Seventeen national banks were placed in the hands of receivers during the year covered by Mr. Hepburn's first and only report to Congress, but only seven of these failures occurred during the nine months of his administration. The remainder occurred during the closing months of his predecessor's term.
The largest of these failures was the California National Bank of San Diego, with a capital of $500,000 and liabilities of nearly a million. This failure was regarded as a great calamity to the local community and considerable effort was made to effect a resumption of the bank. When it was found, however, upon investigation, that the entire capital and surplus of the association had been absorbed by losses, the efforts to resuscitate the bank proved futile, and the former president of the association committed suicide.
The failure of this bank was due to the excessive use of its funds in the promotion of local enterprises of a public character involving large sums of money. The local boom collapsed before any of the enterprises became paying investments, with the usual result that the bank suffered losses and suspension followed.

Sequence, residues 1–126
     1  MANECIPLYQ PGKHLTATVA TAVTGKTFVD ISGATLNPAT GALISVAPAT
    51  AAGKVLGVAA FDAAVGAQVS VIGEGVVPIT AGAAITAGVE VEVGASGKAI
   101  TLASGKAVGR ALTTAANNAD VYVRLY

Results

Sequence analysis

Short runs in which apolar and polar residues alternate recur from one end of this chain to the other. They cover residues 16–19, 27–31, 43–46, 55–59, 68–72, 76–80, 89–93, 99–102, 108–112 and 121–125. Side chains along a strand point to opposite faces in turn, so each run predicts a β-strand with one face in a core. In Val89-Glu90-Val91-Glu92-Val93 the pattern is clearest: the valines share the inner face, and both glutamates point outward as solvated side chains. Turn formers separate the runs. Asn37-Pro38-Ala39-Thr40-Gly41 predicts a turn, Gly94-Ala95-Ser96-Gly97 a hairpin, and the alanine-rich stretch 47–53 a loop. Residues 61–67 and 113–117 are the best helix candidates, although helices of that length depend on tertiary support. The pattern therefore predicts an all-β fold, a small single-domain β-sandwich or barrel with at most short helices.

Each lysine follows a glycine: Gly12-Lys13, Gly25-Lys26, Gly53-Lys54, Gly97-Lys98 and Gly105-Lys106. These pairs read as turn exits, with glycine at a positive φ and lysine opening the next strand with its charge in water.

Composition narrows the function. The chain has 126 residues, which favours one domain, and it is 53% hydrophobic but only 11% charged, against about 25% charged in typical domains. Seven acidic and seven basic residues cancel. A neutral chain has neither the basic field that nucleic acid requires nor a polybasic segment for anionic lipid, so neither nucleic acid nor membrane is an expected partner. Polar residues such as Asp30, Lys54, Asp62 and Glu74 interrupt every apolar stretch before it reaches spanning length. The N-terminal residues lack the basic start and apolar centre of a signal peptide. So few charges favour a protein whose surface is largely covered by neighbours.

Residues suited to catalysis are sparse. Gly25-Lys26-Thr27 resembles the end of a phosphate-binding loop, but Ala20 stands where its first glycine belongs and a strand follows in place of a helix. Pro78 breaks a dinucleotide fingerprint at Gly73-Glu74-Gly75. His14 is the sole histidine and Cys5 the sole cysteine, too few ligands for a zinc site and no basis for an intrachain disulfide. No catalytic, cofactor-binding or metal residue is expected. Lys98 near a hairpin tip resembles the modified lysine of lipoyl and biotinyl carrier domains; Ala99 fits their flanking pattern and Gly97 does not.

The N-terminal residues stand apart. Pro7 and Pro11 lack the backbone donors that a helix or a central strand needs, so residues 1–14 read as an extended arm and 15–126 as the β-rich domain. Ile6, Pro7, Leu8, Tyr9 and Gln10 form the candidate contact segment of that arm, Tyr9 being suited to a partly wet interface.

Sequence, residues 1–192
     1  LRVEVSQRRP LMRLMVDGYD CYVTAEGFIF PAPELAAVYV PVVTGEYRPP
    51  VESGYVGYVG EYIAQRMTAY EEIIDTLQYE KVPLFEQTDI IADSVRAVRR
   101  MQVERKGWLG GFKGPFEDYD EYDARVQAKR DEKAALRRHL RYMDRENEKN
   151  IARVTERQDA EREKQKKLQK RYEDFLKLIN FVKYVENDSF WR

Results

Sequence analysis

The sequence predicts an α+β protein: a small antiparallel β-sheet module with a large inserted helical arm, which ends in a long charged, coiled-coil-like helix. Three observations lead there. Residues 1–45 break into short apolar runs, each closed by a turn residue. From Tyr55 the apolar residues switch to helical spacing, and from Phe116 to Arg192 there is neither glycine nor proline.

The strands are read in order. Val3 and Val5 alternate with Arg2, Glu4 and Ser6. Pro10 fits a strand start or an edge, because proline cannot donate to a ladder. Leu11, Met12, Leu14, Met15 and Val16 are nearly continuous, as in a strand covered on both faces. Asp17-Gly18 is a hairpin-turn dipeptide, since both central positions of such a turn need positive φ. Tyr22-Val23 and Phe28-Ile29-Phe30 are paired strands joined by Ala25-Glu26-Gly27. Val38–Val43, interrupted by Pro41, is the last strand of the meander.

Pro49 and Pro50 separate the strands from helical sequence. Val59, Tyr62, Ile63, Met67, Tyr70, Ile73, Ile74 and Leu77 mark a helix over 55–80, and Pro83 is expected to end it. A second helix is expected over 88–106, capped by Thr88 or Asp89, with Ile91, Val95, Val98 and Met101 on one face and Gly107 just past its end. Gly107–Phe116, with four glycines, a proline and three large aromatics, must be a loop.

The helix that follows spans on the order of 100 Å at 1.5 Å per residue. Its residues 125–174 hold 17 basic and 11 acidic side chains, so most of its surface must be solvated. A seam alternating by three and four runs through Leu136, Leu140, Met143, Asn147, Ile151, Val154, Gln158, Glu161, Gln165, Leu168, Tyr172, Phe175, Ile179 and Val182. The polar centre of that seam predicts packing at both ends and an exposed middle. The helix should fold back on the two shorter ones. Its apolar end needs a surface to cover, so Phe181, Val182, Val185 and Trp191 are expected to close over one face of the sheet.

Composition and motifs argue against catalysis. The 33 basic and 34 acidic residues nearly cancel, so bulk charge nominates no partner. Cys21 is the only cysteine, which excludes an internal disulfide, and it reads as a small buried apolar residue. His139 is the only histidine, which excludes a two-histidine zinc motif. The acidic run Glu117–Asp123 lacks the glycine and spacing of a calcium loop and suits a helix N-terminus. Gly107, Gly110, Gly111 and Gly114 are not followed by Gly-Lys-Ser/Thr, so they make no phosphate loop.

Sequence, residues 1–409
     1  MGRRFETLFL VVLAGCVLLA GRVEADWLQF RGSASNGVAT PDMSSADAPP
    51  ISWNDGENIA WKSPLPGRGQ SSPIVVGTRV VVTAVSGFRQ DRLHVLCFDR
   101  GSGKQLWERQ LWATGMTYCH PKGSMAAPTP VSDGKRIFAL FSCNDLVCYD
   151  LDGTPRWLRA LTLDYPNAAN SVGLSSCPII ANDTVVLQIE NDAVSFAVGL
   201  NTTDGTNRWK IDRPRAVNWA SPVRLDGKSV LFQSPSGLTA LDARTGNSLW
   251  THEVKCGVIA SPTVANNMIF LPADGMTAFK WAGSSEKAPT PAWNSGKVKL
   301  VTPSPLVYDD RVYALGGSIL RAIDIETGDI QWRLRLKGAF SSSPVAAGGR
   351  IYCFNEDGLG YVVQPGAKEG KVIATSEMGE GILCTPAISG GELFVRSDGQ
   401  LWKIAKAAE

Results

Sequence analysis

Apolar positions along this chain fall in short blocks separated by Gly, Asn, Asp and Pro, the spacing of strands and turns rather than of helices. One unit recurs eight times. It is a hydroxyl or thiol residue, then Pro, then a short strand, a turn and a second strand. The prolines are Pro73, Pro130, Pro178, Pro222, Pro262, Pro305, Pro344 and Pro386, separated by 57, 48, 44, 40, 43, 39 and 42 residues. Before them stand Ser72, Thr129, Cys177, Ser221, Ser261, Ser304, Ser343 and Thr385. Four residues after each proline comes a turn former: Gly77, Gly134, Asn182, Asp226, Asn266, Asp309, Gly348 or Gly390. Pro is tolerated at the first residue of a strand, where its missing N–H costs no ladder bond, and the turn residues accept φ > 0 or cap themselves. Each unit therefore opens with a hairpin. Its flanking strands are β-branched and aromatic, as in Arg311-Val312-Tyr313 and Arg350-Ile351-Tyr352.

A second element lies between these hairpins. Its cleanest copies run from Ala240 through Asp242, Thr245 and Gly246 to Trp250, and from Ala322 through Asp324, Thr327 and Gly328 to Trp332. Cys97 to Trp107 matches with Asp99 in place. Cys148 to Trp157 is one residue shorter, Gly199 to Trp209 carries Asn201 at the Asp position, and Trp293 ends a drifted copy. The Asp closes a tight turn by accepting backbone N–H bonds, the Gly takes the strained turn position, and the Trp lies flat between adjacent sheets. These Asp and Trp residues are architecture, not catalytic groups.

Criminal violations of law entered largely into all of these failures, and two suicides were the result. False entries, misappropriation of funds, embezzlements, reckless management, forgery, loans to irresponsible relatives of the management, their friends and employees of the banks, promotion of speculative enterprises, in which some of the officers were interested, and, in fact, the whole category of causes which invariably end in failures and disaster, were responsible in bringing about the disruption of all of these associations.